Macchi C.205 Veltro

The Macchi C.205 Veltro was a single-engined fighter aircraft used by the Italian Royal Airforce (Regia Aeronautica) during World War II. Developed from the C.202 Folgore, it entered service in February 1943, with a total of only 262 C.205s being built by the Italian firm Macchi in a production period of ten months. It was the fastest Italian aircraft to see combat action in this armed conflict and one of the fastest aircraft used in the war as it could fly at the maximum speed of 400 miles per hour (642 km/h). It could outmatch the British Supermarine Spitfire; in June-July 1943 an Italian pilot flying the Macchi C.205 shot down two Spitfires along with three P-38 Lightning in the sky of Rome. During 1943, it carried out combat missions as a fighter and bomber escort in Italy and the Mediterranean area. Most of the C.205s ended up in the Allies’ hands after Benito Musolini was ousted from power by a Republican coalition.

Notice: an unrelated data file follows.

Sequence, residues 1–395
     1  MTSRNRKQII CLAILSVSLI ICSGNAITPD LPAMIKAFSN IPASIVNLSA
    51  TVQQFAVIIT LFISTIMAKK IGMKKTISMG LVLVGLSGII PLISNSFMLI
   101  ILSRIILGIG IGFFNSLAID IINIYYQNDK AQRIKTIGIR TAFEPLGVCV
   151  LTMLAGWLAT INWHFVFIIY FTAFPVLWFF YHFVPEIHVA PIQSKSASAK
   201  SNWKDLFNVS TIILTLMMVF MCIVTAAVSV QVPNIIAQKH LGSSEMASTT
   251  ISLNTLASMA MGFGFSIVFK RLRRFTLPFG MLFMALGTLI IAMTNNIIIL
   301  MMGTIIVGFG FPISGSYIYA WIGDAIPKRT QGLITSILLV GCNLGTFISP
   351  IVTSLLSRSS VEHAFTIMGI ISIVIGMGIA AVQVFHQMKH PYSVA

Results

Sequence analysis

The Veltro was a low-winged monoplane, which had an all-metal fuselage and retractable landing gear. As a power plant, it was fitted with one Fiat RA-1050 R.C.58 Tifone, V12 engine, which generated 1,475 hp. The C.205 was armed with two 12.7mm Breda SAFAT machine guns and two 20mm MG-151 guns. When used in the ground-attack role, it could carry two 160-kg bombs. The main versions were the C.205V and the C.205S, with the former being the main production variant and the latter was the bomber escort model.


Type: fighter aircraft

Wingspan: 34′ 9″ (10.58 m)

Length: 29′ (8.85 m)

Height: 10′ (3 m)

Maximum speed: 400 mph

Range: 590 miles (950 km)

Ceiling: 37,700 ft (11.500 m)



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Thor is Carlos Benito Camacho, the manager and writer of this blog.